Now is also a critical moment for Guatemalan struggles for human rights and justice. Since the 1996 Peace Accords which ended the country’s 36 year internal armed conflict, inequality has worsened, militarization has increased, impunity has been institutionalized within the justice system, and violence has surged to the point where as many people are killed daily in Guatemala as during the worst periods of conflict in the 1980s. Attacks and threats against human rights defenders have also surged in recent years, a reflection both of rising violence and impunity as well as the growth and strength of civil society movements for human rights and justice. Political instability and the economic and political dominance of a wealthy minority menaces Guatemala with the threat of a coup d’etat like that which occurred last year in neighboring Honduras. As local and multinational corporations expand socially and environmentally devastating forms of “development” such as massive hydroelectic dams, open-pit mining, and agricultural mono-cropping for biofuels and commodity food production, indigenous communities face what Guatemalan indigenous leaders have characterized as “a third expulsion of indigenous peoples” from their traditional lands. Despite these challenges, Guatemalan communities and organizations have achieved remarkable gains, such as winning precedent setting court rulings against perpetrators of forced disappearance and massacres, building growing movements in opposition to environmentally destructive dams and mines, and continuing to speak out against human rights abuses and injustice.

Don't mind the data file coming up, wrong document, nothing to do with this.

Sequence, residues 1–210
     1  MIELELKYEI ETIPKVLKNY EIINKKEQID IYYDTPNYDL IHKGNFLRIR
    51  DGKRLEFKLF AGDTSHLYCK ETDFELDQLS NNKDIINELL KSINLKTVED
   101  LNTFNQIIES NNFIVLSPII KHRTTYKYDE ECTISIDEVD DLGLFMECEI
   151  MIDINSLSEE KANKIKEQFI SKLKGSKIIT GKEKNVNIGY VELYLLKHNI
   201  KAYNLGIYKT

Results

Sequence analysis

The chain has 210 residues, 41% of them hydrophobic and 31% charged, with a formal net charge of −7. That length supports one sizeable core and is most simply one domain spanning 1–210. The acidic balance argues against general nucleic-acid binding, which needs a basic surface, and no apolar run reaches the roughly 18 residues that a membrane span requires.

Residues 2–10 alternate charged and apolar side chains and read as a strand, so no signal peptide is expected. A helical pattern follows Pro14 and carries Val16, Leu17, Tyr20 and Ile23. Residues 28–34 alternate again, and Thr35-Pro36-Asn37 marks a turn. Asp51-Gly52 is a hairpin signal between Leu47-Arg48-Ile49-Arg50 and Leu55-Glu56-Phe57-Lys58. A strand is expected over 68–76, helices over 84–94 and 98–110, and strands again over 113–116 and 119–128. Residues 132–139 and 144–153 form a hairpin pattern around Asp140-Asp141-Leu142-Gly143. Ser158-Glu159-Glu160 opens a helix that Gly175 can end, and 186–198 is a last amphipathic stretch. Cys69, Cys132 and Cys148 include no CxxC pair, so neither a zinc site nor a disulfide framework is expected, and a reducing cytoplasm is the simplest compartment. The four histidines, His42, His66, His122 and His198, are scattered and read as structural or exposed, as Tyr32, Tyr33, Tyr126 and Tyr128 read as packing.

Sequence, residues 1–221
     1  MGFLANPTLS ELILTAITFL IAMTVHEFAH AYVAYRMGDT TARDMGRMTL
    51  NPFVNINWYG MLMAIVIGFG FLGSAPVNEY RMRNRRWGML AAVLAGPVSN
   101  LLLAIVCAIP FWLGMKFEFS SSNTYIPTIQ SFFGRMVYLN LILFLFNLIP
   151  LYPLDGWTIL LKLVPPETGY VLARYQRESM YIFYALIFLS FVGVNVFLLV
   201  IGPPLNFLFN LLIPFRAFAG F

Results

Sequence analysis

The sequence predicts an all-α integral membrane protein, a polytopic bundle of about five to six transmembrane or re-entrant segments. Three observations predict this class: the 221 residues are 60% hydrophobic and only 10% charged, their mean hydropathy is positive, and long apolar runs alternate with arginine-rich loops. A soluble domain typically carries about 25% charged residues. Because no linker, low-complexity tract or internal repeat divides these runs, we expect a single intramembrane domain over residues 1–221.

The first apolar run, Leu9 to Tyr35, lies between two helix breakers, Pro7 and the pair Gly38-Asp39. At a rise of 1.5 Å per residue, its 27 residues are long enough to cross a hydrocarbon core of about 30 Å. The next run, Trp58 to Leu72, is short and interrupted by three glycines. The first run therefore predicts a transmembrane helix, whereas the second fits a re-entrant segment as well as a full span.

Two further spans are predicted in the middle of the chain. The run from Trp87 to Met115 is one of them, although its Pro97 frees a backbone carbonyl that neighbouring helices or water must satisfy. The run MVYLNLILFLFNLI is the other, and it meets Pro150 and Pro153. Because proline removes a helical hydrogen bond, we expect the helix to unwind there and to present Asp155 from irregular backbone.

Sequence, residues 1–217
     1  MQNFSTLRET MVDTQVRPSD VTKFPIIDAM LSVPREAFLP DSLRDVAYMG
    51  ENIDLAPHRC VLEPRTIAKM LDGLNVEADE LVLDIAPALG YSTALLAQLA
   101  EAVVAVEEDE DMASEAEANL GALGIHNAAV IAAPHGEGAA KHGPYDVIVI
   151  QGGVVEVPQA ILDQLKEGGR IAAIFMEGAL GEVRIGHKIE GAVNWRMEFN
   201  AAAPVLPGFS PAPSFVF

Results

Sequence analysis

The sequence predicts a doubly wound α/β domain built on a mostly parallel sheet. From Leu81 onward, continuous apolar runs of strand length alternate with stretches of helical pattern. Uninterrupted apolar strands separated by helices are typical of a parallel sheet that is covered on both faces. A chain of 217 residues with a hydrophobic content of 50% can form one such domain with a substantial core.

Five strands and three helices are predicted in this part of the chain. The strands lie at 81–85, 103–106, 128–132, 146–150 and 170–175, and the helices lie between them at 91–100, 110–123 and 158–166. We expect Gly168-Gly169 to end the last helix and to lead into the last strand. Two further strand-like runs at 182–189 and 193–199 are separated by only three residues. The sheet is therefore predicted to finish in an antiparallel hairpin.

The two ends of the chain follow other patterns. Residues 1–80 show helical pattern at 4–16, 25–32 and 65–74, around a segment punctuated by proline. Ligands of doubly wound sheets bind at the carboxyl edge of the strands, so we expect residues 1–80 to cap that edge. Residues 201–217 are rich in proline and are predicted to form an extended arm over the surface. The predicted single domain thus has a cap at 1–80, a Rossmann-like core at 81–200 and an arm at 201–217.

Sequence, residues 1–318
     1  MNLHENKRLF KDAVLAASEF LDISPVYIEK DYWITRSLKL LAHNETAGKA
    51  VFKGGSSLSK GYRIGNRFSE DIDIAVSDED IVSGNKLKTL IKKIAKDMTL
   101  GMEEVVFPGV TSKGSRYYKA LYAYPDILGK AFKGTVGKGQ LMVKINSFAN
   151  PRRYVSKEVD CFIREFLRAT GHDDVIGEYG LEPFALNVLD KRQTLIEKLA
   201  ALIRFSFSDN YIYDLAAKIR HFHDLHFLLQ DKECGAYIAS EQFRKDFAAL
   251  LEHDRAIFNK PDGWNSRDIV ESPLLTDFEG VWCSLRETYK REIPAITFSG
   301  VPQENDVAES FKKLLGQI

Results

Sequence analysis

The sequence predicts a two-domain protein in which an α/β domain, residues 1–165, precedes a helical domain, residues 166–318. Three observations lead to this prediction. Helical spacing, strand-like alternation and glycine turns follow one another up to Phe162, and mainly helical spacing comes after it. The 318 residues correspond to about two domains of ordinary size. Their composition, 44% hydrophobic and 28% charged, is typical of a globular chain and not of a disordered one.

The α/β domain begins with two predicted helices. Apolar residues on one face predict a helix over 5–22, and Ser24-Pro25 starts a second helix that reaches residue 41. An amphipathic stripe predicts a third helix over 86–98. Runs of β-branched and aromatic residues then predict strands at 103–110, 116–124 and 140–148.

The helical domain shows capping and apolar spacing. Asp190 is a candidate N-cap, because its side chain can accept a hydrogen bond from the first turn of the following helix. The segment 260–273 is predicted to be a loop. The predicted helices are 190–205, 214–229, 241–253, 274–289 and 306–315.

Mine will be a small part to play in supporting the work of Guatemalan organizations working against this litany of troubles, but I hope to magnify my role to some degree by pledging to remain accountable to my personal communities. I hope to keep you informed by writing to you regularly and sharing important news and analysis that connects struggles in Guatemala with regional and worldwide issues. I will do my utmost to offer you ways to support these struggles, by responding to urgent action requests, attending events in your own communities, and when possible, offering resources to groups doing important work in Guatemala and the Americas. And I hope also to learn from the communities and organizations I will be coming to know and support, and to bring some of that knowledge with me when I return to the north, or wherever else I will continue to live and walk in solidarity after my time in Guatemala.